But the sports bra was just an idea, she said, until 2020, when the Covid-19 pandemic flooded Portland and Nguyen, an executive chef at the time, lost his job. Encouraged by her friend Liz, she said she decided to do it.
“The more we talked about it, the more it worked out,” she said.
But Nguyen didn’t have enough money to open the bar. She has gone to numerous banks and lenders in search of a loan, she said. Although many seemed “really confused” by the idea, she said, they told her that borrowing her money to open a bar during the pandemic was too risky.
“I was basically rejected by everyone,” she said.
Unstoppably, Nguyen launched a Kickstarter campaign to open the country’s first sports bar to play only women’s sports. The campaign was quickly shared and eventually picked up by the media, she said, generating more than $ 105,000 in donations in less than a month.
“Oh, man, I mean, it blew me away,” Nguyen recalls of the donations, which, combined with her personal savings, were enough to open the Sports Bra. “I was literally stunned.”
She said the fact that so many strangers are willing to donate to the bar demonstrates how many people want a place where they can watch women’s sports.
“They crave a space to feel represented and a sense of belonging,” she said. “And even in our first month since we opened, we had people coming here crying.”
But with one dilemma resolved, she soon faced another: With large sports networks that rarely include women’s sports, how would Sports Bra show them? She found that there are many women’s sports in streaming services, she said, but most of them have no commercial use.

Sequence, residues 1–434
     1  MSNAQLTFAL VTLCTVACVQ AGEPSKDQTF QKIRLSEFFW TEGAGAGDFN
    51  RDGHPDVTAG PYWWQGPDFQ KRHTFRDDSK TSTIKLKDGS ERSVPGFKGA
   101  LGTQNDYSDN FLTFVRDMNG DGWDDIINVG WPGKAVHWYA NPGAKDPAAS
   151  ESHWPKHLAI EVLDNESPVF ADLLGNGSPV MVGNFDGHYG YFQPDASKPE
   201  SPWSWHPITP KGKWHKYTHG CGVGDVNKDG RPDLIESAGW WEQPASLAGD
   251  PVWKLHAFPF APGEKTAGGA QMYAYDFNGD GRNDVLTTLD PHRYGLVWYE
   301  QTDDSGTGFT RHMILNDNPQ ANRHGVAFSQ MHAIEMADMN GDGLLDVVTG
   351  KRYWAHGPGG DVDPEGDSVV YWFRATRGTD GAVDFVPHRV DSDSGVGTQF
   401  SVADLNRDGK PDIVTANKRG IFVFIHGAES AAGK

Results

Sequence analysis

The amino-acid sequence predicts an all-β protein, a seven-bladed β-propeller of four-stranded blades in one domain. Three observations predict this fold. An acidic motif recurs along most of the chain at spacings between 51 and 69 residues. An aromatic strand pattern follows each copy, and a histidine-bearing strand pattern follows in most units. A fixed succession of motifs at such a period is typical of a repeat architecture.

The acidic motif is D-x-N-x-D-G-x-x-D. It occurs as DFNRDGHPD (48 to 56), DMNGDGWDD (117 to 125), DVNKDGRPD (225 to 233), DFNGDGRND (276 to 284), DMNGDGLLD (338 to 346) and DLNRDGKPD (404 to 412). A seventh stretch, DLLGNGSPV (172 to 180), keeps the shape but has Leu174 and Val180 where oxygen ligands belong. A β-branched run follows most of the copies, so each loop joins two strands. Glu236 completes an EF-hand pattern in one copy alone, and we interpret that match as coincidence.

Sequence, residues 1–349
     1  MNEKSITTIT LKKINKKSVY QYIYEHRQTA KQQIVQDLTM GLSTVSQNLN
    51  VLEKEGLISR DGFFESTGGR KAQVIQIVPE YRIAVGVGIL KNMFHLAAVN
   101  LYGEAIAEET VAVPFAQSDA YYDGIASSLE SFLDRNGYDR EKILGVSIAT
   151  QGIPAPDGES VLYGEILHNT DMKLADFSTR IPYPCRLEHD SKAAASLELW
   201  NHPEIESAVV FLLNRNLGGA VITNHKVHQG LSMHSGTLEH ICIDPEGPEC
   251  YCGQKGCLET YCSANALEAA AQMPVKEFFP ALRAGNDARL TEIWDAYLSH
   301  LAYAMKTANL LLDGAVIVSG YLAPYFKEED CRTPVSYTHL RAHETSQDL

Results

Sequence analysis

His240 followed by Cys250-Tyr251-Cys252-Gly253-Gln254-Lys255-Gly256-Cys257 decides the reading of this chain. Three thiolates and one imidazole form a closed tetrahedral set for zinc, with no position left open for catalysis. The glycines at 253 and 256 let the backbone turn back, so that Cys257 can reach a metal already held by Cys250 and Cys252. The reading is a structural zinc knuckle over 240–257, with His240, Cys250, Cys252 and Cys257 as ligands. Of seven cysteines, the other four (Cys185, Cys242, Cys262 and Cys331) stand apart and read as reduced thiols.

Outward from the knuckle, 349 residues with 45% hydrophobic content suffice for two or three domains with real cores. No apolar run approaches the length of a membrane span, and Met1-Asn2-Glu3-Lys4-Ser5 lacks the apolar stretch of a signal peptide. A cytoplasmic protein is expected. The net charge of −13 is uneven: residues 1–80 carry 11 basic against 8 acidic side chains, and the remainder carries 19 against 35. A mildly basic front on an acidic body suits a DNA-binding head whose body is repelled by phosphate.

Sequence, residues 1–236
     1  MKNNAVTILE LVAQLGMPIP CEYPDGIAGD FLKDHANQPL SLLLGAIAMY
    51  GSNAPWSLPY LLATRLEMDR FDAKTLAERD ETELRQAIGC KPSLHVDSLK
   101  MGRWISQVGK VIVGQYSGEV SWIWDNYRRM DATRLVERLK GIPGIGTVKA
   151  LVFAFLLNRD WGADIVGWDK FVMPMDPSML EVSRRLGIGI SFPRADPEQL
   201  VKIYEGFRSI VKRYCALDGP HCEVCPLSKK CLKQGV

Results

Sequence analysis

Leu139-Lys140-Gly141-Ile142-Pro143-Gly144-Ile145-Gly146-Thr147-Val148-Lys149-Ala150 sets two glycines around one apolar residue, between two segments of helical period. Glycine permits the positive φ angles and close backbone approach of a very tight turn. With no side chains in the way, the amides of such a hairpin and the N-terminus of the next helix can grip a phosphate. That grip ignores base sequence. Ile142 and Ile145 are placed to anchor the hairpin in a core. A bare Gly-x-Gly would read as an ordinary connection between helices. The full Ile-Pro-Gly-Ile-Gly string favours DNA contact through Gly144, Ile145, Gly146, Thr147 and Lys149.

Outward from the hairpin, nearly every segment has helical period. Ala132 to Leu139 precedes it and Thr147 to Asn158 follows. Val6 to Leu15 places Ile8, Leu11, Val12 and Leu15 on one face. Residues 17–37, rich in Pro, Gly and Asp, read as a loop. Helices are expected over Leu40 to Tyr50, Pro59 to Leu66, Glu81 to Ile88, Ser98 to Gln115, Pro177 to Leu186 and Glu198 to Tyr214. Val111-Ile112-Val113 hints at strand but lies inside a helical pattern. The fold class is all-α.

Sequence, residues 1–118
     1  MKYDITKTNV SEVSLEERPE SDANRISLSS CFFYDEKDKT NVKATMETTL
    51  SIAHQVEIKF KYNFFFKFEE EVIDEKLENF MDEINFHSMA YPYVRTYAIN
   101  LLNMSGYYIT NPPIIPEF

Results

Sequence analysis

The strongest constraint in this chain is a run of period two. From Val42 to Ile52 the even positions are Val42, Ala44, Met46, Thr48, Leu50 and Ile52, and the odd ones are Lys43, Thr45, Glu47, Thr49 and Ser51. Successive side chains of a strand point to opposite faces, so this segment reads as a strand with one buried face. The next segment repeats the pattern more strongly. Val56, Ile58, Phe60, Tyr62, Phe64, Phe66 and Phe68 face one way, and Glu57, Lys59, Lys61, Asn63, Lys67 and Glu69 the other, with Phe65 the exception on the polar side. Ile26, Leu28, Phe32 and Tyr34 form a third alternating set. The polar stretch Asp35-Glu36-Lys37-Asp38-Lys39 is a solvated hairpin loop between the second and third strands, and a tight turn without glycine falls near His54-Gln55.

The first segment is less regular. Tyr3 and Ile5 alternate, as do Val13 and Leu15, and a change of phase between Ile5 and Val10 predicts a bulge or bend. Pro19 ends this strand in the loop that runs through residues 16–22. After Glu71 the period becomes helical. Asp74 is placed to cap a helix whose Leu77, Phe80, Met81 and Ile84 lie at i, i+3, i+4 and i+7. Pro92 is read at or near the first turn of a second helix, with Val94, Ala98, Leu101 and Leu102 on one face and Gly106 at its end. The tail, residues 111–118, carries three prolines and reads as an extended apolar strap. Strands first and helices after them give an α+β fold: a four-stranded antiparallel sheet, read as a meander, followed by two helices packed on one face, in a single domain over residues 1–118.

So Nguyen turned to a number of women’s sports leagues and streaming networks to get permission to play their content in her bar, concluding various agreements, including with Portland Thornes FC; Just Women’s Sports, a national sports media company; ESPN3, sports channel on request; Oregon Ravens, a team from the Women’s National Football Conference; and ATA Football, a service that provides live and on-demand streaming of women’s football.
She wanted to make sure she was “doing things according to the rules,” she said, while strengthening the bar’s mission to prove there is an audience for women’s sports.
This mission paid off, with women’s sports fans regularly filling the small space to have a drink and enjoy playing with family or friends.
“People are crying, people are hugging me and saying they’ve been waiting their whole lives for a place like this,” Nguyen said.
Another important mission, she said, is for children to see that women’s sport is valued. For this reason, Nguyen has made Sports Bra, which allows minors until 22:00, a family pub where people can bring their children to watch the matches.
“Seeing little girls come in and just stare at the TV, or like, point and say, ‘Mom, she’s playing basketball,’ you know, these little ones really catch me unprepared,” she said. “There’s hardly a day when I don’t cry.”
Nguyen said he hopes to expand the business and possibly even turn it into a franchise. But she said she didn’t mind if other bar owners mimicked the idea.
“I don’t want to monopolize it,” she said. “I want this to be the starting point for people. Or, if ordinary sports bars change a TV, I mean, that would be a victory.